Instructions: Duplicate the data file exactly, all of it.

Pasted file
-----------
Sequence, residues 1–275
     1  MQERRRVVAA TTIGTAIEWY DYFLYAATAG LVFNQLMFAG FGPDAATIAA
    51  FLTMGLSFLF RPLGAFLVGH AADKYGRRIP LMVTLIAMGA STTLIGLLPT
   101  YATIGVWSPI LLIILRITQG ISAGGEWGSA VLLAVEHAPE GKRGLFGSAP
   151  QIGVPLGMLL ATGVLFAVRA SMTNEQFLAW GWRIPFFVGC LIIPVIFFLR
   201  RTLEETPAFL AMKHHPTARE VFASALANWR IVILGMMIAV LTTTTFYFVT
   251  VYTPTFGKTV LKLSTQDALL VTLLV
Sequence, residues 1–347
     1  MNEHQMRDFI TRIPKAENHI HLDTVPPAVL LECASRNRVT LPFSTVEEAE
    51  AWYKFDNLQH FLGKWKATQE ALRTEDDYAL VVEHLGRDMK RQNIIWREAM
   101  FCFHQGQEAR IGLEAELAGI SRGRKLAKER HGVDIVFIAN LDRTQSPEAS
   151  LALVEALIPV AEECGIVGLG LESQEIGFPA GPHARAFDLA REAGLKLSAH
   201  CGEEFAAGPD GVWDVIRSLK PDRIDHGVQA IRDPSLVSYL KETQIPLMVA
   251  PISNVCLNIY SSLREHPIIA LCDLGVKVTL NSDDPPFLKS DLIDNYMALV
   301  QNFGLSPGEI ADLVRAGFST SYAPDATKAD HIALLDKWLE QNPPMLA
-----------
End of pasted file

Sequence, residues 1–275
     1  MQERRRVVAA TTIGTAIEWY DYFLYAATAG LVFNQLMFAG FGPDAATIAA
    51  FLTMGLSFLF RPLGAFLVGH AADKYGRRIP LMVTLIAMGA STTLIGLLPT
   101  YATIGVWSPI LLIILRITQG ISAGGEWGSA VLLAVEHAPE GKRGLFGSAP
   151  QIGVPLGMLL ATGVLFAVRA SMTNEQFLAW GWRIPFFVGC LIIPVIFFLR
   201  RTLEETPAFL AMKHHPTARE VFASALANWR IVILGMMIAV LTTTTFYFVT
   251  VYTPTFGKTV LKLSTQDALL VTLLV
Sequence, residues 1–347
     1  MNEHQMRDFI TRIPKAENHI HLDTVPPAVL LECASRNRVT LPFSTVEEAE
    51  AWYKFDNLQH FLGKWKATQE ALRTEDDYAL VVEHLGRDMK RQNIIWREAM
   101  FCFHQGQEAR IGLEAELAGI SRGRKLAKER HGVDIVFIAN LDRTQSPEAS
   151  LALVEALIPV AEECGIVGLG LESQEIGFPA GPHARAFDLA REAGLKLSAH
   201  CGEEFAAGPD GVWDVIRSLK PDRIDHGVQA IRDPSLVSYL KETQIPLMVA
   251  PISNVCLNIY SSLREHPIIA LCDLGVKVTL NSDDPPFLKS DLIDNYMALV
   301  QNFGLSPGEI ADLVRAGFST SYAPDATKAD HIALLDKWLE QNPPMLA